An energy revolution is under way in the U.S. and beyond, and Gov. Bill Ritter wants everyone to know about it.
Bill Ritter, the 41st governor of Colorado who served from 2007-2011, has authored a book that discusses the forces behind the energy revolution, new ways to think about energy, and the future of fossil and renewable fuels.
Available now, the book is titled “Powering Forward: What Every American Should Know about the Energy Revolution,” and is published by Fulcrum Books. Ritter is the founder and director of CSU’s Center for the New Energy Economy, part of the CSU Energy Institute.
As governor, Ritter helped establish Colorado as a national and international leader in clean energy. In his book, Ritter discusses how sunlight and other sustainable resources are now the fastest-growing sources of energy in the U.S. and worldwide. At an increasing clip, communities are switching to 100 percent renewable energy, and climate change is one of the biggest issues in the 2016 election. The urgent need to prevent climate change is causing people around the planet to question their reliance on carbon-intensive coal and oil.
Shifting the dominant consciousness
Ritter discusses shifting what he calls the “dominant consciousness” of a 20th-century, fossil fuel-based economy, and replacing it with a 21st-century collective consciousness focused on clean, renewable sources. “It’s the 21st century, and we need a 21st-century economy. There’s great hope that we can achieve that,” Ritter said.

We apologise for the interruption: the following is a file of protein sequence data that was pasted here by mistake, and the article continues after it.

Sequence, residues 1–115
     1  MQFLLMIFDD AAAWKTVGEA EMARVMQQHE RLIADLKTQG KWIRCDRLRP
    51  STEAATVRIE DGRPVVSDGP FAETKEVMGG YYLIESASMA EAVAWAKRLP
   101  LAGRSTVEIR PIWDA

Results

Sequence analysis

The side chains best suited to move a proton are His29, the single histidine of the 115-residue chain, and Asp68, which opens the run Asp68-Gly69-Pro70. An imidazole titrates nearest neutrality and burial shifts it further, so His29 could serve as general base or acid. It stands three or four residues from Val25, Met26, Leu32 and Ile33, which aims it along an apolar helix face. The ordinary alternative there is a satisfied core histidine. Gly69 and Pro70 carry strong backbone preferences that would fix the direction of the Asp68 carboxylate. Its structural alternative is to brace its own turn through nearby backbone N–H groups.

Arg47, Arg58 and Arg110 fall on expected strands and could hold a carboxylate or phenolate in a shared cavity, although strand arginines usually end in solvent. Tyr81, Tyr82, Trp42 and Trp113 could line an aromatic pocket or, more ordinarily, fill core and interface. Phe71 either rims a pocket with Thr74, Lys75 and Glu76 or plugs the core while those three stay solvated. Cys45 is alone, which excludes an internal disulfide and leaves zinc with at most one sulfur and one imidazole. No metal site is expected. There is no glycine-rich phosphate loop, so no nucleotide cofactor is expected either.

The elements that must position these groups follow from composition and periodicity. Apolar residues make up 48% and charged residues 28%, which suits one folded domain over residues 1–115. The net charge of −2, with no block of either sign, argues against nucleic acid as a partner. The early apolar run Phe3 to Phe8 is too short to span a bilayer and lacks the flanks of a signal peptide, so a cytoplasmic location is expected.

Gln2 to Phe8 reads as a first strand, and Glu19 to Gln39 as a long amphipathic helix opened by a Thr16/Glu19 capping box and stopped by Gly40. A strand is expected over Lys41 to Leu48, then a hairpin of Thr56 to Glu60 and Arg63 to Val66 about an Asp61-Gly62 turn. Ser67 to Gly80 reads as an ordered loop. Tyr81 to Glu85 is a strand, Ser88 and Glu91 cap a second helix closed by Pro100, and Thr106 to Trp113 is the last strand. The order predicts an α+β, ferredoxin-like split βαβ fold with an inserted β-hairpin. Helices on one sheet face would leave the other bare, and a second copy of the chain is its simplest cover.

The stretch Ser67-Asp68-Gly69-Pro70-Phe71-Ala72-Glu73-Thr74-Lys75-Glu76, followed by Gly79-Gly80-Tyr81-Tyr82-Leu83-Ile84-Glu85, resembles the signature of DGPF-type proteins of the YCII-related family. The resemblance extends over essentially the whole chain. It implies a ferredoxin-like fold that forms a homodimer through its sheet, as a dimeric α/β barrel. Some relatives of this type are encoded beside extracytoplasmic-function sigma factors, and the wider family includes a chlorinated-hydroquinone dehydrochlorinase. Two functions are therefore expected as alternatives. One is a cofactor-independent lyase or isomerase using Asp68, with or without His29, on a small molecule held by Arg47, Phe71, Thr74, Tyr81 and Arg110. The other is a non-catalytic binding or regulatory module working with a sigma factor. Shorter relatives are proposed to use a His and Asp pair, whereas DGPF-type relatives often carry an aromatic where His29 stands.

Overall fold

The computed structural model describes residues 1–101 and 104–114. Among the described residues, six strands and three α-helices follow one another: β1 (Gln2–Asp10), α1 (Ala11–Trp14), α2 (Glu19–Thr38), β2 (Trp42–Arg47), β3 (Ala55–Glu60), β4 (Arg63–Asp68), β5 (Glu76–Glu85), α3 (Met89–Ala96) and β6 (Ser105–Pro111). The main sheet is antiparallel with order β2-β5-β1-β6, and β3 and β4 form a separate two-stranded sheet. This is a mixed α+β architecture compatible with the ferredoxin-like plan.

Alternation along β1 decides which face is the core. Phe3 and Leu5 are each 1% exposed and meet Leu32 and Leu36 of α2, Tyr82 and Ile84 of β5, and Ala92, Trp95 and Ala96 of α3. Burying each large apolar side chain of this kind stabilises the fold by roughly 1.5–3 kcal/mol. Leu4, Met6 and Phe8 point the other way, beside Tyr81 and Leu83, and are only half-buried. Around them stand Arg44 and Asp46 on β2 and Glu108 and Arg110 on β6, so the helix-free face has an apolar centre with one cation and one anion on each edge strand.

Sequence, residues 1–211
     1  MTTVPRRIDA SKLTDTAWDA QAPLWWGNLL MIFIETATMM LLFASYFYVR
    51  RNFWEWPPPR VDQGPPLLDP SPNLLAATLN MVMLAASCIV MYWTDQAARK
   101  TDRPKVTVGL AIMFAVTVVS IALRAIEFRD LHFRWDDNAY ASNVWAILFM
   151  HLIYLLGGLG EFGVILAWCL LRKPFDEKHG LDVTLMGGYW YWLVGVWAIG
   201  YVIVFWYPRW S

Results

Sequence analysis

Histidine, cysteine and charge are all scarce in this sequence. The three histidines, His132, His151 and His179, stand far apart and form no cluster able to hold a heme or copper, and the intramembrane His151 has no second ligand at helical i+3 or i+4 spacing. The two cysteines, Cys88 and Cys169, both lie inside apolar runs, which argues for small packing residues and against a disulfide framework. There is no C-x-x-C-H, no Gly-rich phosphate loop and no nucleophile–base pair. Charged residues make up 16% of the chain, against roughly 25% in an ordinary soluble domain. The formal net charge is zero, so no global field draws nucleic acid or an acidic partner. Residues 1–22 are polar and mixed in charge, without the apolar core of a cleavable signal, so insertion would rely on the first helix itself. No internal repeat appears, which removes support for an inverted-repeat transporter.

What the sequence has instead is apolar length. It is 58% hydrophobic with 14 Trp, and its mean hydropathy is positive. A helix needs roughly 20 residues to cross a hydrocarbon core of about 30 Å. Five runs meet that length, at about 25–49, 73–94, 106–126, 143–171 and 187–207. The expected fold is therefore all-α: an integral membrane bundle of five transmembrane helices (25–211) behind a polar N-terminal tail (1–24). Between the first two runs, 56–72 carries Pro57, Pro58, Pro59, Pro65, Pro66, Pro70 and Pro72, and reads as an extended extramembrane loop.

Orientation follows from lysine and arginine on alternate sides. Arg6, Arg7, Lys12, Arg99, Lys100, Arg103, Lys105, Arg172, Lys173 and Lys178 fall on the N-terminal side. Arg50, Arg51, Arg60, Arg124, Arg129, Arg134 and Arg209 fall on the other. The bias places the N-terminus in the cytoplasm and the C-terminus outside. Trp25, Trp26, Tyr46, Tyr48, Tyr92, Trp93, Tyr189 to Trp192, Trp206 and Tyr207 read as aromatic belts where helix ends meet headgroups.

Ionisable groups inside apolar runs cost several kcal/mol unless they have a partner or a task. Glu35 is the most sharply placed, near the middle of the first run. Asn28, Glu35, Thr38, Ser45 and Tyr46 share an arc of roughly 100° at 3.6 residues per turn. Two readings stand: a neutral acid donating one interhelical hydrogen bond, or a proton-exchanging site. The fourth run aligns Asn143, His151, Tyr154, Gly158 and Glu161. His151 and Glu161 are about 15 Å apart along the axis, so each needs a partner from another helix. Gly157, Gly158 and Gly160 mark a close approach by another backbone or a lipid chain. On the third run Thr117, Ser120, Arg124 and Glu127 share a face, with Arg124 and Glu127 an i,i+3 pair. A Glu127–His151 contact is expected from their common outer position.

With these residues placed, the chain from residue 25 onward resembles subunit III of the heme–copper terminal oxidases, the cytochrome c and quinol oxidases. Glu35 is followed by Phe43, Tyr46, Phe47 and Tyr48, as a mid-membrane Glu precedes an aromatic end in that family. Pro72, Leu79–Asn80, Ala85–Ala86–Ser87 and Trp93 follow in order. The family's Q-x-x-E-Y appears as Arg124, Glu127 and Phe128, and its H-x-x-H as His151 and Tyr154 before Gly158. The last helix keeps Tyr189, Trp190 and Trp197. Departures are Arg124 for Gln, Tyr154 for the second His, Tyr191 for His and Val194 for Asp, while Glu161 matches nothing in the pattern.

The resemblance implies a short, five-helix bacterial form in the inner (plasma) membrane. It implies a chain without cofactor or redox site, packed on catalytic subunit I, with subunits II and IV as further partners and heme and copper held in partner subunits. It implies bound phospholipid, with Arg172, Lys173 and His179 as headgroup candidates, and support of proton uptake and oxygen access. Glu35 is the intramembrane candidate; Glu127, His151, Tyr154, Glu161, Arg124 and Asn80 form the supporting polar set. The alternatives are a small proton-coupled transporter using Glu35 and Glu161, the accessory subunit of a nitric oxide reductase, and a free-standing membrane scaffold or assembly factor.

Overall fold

Using the word ‘revolution’ in the book title was no accident, Ritter said.
“I have become really convinced that, first of all, the change that’s necessary – and is beginning – is pretty dramatic,” Ritter said. “And secondly, there is an element of time here … we cannot take our time making this transition without doing some really significant harm to the globe.”
Common ground is possible, and necessary
Transitioning to a 21st-century energy economy that reduces fossil fuel dependence involves complex intersections of economics, technology, politics and public policy, Ritter says. But Ritter’s time in office, and his work with the Center for the New Energy Economy, have shown him that common ground and “reaching across the aisle” are both possible, and necessary.
The book is being published on the heels of the historic Conference of Parties in Paris, where Ritter was an invited speaker on Colorado’s greenhouse gas reduction efforts. The COP21 brought 196 nations together in a historic agreement to scale back carbon emissions across the globe.
“That historic moment [in Paris] built upon all the hope that I had already seen here, domestically in the United States,” Ritter said.
Ritter plans to split book royalties 50-50 with the CSU Foundation.
Via CSU Source